More than half of carbon industry believes Trump will withdraw from Paris Agreement

Trump's actions could alter renewable growth in the US.

A survey of carbon market industry figures has found that more than half of respondents believe that President Trump will start the process of withdrawing from the Paris Agreement by the end of 2017.

Over 700 people, ranging from traders, company officials and government officials from several continents gave their views in the Thomson Reuters Survey.

The results showed that 51% believed that President Trump would withdraw from the climate change pact.

Just more than 20% felt there was an “even chance” and 26% said he would not withdraw.

Nearly 90% of respondents believe that Trump will reduce the 2025 climate change targets, and 96% think that the Clean Power Plan will be scaled down.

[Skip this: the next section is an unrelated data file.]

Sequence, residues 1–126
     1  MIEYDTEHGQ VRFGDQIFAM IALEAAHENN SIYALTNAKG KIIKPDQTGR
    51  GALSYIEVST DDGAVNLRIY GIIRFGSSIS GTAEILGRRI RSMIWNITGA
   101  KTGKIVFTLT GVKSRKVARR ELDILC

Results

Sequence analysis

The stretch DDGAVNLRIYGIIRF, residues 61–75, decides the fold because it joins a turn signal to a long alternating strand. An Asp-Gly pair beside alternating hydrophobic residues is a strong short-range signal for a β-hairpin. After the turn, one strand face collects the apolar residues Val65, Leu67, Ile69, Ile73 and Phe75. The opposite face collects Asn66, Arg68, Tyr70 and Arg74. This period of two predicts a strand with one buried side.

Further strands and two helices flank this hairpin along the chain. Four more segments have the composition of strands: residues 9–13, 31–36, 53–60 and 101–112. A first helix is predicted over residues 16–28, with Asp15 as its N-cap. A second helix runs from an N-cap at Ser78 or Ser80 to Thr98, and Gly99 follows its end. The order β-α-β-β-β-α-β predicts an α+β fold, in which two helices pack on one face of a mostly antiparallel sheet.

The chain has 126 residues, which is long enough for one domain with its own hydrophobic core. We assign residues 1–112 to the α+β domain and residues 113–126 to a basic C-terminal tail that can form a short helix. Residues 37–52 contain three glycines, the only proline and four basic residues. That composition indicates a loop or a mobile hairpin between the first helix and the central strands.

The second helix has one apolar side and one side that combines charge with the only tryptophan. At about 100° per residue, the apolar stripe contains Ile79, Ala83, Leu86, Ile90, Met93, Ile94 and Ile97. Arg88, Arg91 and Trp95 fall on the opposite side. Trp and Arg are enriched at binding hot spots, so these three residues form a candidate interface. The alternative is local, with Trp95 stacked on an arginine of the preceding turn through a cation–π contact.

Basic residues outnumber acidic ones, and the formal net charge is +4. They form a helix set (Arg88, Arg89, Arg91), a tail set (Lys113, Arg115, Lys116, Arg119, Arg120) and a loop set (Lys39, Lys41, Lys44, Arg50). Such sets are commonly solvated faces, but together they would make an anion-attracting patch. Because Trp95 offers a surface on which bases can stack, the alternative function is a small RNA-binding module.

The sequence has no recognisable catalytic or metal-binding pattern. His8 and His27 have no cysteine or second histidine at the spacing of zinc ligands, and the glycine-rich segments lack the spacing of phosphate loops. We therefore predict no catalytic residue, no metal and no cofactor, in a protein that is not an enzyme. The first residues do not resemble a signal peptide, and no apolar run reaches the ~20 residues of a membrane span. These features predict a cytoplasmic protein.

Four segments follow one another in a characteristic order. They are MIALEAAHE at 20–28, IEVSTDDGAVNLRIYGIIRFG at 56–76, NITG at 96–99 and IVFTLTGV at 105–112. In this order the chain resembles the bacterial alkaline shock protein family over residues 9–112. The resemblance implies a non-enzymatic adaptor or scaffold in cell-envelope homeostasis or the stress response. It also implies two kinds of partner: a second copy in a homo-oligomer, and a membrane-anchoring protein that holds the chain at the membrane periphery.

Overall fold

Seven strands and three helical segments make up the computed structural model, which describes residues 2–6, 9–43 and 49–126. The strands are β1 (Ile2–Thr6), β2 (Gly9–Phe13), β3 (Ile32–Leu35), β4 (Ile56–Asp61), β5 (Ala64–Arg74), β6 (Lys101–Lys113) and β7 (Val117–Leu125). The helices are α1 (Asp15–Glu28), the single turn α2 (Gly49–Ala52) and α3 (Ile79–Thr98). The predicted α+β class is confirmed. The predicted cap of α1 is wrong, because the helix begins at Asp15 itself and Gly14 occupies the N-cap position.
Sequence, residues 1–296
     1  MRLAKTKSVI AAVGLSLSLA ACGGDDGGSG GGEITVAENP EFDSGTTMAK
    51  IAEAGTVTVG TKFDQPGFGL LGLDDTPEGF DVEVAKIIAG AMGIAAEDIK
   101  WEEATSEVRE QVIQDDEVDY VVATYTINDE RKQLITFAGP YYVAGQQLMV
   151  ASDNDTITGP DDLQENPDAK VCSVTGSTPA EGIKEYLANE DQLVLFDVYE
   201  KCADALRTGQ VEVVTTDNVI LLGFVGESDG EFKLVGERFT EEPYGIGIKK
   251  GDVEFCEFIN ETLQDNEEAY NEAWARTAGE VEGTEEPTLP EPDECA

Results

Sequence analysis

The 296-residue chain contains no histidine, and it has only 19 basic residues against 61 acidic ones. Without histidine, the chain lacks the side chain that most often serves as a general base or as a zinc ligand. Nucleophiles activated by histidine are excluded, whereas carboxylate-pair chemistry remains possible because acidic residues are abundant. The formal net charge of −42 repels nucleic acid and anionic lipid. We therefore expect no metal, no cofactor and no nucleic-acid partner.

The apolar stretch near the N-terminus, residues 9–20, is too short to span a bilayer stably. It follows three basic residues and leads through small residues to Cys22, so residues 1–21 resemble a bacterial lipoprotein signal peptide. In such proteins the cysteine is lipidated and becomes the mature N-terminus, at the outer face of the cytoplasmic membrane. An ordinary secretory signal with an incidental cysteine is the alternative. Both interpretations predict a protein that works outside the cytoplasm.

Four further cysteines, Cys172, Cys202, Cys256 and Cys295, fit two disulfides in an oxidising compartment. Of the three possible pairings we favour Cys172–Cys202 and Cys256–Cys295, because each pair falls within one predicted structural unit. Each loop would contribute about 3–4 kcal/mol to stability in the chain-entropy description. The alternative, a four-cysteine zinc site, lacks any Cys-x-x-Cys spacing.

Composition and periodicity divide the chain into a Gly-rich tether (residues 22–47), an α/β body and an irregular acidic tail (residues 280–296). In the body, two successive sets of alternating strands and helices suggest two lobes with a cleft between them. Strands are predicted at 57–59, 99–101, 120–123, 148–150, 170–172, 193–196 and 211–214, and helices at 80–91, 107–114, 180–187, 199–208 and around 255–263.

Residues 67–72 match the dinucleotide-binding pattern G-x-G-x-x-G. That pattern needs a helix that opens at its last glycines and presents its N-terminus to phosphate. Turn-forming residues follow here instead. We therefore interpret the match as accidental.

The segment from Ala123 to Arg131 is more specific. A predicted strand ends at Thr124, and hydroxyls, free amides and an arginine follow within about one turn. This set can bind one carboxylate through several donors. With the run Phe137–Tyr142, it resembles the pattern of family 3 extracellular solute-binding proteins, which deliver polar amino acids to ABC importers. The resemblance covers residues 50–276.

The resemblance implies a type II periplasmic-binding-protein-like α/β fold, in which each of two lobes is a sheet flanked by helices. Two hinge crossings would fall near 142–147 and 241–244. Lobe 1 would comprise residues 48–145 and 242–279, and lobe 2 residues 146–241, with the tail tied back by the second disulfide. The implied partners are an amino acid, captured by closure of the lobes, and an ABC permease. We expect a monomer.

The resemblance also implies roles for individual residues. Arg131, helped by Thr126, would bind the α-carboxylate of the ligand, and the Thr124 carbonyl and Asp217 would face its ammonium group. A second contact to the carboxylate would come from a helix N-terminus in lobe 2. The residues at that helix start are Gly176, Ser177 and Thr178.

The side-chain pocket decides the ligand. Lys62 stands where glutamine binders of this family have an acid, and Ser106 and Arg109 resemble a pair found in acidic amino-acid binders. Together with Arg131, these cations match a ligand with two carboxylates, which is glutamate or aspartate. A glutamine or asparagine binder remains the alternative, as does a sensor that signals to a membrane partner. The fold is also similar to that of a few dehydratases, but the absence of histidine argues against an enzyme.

A decision on the agreement is expected from President Trump at the end of this month.

The report, by Reuters, said if the climate summit in Paris was the key carbon related event in 2015, the election of Trump as US president was the “defining” moment of 2016.

But the author goes on to point out that he is yet to revealed his hand on whether he is bluffing over earlier claims about exiting the Paris Agreement.

The report states: “President Trump has vowed to support the American fossil industry, to roll-back domestic climate policies and to withdraw from the Paris Climate Agreement.

“So far he has made progress on the first two points, but the American adherence to the international climate agreement is still not decided. With his key advisors divided on this issue, Trump has deferred his decision. The latest signals indicate that he will reach a conclusion in late May or June.

“With a complete change of direction in the White House, the question is now whether the Sino-European climate alliance will be capable of securing the momentum in international climate negotiations.”

The Paris Agreement was signed by 195 countries in 2016, with the signatories having agreed to work together to tackle climate change.

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